Millions of people in the United States each year report misusing medications that are prescribed for medical and mental health conditions.
Like illicit drugs, many medications that are legally prescribed by a doctor, or are taken without a prescription, may cause physical dependence and withdrawal with stopped use.
Detoxification, or detox, is the body’s way of getting rid of chemical substances like prescription drugs or alcohol. For safety purposes, this should only be done under medical guidance.
Who Needs Prescription Drug Detox?
Prescription drug detox is a type of treatment program that is recommended for people who have been taking a habit-forming drug for an extended amount of time.
Prescription drug detox may be suitable for people who:
- have taken a prescription drug for a long time
- misuse prescription medications
- have a history of drug abuse
- are addicted to a prescription drug
Detox programs for prescription drug dependence and addiction can offer several benefits for people. Namely, medical supervision during the detox process and treatment for withdrawal.
Get Started On The Road To Recovery.
Get Confidential Help 24/7. Call Today!(844) 616-3400
Side Effects And Symptoms Of Prescription Drug Detox
Drug withdrawal can look and feel different for each person, depending in part on the type of drug you’re detoxing from. However, many prescription drugs share common symptoms.
For instance, withdrawal symptoms commonly reported include:
- muscle twitching
- involuntary shaking
- mood swings
Taking multiple drugs, or having co-occurring health issues, may affect the symptoms experienced during withdrawal, as well as how long they last.
Is Prescription Drug Withdrawal Dangerous?
Some prescription drugs, such as benzodiazepines and other sedatives, can cause severe withdrawal symptoms if they are stopped suddenly.
Potential risks of this include:
- thoughts of suicide
- panic attacks
Furthermore, some people can be at higher risk for experiencing severe withdrawal symptoms compared to others.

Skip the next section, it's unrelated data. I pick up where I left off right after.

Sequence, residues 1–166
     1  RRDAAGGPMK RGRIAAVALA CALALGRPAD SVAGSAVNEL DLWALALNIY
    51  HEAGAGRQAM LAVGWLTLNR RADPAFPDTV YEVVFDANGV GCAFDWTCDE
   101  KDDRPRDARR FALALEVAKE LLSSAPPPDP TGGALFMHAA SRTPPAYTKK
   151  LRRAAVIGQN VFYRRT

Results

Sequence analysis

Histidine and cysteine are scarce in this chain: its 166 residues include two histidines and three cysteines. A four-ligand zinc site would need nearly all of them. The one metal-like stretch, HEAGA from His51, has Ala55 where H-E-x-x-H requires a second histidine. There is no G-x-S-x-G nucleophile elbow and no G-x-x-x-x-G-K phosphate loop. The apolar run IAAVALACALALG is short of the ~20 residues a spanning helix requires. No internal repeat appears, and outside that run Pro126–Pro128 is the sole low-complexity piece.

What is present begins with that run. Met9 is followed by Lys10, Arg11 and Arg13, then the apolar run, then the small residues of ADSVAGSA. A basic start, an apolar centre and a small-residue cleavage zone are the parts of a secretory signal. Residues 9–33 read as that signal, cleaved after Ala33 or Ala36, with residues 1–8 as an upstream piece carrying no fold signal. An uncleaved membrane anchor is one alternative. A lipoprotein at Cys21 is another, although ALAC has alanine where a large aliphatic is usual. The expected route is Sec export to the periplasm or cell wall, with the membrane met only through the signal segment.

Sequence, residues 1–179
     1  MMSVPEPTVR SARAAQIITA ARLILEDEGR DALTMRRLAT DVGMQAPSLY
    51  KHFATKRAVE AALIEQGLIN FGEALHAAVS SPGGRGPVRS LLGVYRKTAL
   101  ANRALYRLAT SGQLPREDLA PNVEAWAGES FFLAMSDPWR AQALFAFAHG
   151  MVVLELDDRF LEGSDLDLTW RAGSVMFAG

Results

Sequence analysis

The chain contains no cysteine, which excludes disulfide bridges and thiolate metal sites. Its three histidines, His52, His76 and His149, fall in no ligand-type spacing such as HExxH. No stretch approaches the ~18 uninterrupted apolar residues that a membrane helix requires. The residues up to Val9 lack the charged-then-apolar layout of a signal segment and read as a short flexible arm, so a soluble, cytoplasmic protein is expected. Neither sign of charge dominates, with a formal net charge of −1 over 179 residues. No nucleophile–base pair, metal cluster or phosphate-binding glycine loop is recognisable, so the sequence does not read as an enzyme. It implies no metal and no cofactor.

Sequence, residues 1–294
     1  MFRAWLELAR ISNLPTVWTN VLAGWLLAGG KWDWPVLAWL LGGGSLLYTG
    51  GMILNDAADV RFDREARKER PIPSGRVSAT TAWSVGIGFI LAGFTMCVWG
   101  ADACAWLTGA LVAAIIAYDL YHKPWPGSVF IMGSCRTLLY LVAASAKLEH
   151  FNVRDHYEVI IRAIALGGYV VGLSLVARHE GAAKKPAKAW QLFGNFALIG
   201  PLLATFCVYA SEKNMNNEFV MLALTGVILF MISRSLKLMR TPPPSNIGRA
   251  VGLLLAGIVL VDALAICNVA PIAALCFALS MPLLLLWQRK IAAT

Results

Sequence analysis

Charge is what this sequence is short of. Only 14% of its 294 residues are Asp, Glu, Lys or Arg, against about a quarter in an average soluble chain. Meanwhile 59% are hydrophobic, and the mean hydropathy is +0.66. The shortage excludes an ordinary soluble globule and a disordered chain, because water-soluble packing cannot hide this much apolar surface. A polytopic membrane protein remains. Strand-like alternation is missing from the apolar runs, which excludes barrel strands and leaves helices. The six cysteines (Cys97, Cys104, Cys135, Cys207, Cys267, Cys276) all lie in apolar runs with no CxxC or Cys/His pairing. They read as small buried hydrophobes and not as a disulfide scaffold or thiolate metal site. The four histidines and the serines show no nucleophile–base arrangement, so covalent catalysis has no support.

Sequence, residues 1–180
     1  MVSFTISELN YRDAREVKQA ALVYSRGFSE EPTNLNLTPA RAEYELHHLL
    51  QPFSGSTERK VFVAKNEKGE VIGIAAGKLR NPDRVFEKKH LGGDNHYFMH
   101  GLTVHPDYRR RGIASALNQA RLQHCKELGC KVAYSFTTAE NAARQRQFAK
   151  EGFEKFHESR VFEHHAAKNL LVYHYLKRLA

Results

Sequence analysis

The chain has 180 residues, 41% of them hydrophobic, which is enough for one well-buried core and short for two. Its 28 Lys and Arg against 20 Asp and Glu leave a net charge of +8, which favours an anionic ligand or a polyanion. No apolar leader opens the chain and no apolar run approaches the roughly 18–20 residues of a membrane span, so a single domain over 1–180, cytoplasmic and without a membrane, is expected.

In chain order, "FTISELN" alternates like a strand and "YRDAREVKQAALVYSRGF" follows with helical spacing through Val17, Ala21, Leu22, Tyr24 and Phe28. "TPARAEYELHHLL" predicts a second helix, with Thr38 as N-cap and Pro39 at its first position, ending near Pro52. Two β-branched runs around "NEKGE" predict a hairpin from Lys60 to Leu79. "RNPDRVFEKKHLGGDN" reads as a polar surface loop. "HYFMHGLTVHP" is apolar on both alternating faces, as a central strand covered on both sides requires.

Risk factors for severe withdrawal include:
- older age
- a long history of drug use
- having a substance use disorder
- having a co-occurring mental illness
- poor overall health
- detoxing without medical support
Prescription Drug Detox By Drug Type
There are a variety of prescription drugs that can cause physical dependence and withdrawal with stopped use. Here are examples of some prescription drugs that may require detox:
Flexeril, a brand name for cyclobenzaprine, is a muscle relaxant that can cause mild symptoms of withdrawal, such as headache, nausea, and general discomfort with sudden, stopped use.
Trazodone is a sedative and antidepressant medication. Taking it for some time and stopping it suddenly may result in side effects such as anxiety, agitation, and insomnia.
Gabapentin (Neurontin) Detox
Gabapentin, also known as Horizant and Neurontin, is a seizure control medication that can cause withdrawal if it is taken regularly for some time and stopped suddenly.
Withdrawal symptoms of gabapentin may include:
- difficulty falling or staying asleep
Modafinil (Provigil) Detox
Modafinil is a prescription stimulant. Also known as Provigil, it is prescribed for narcolepsy and other sleep disorders.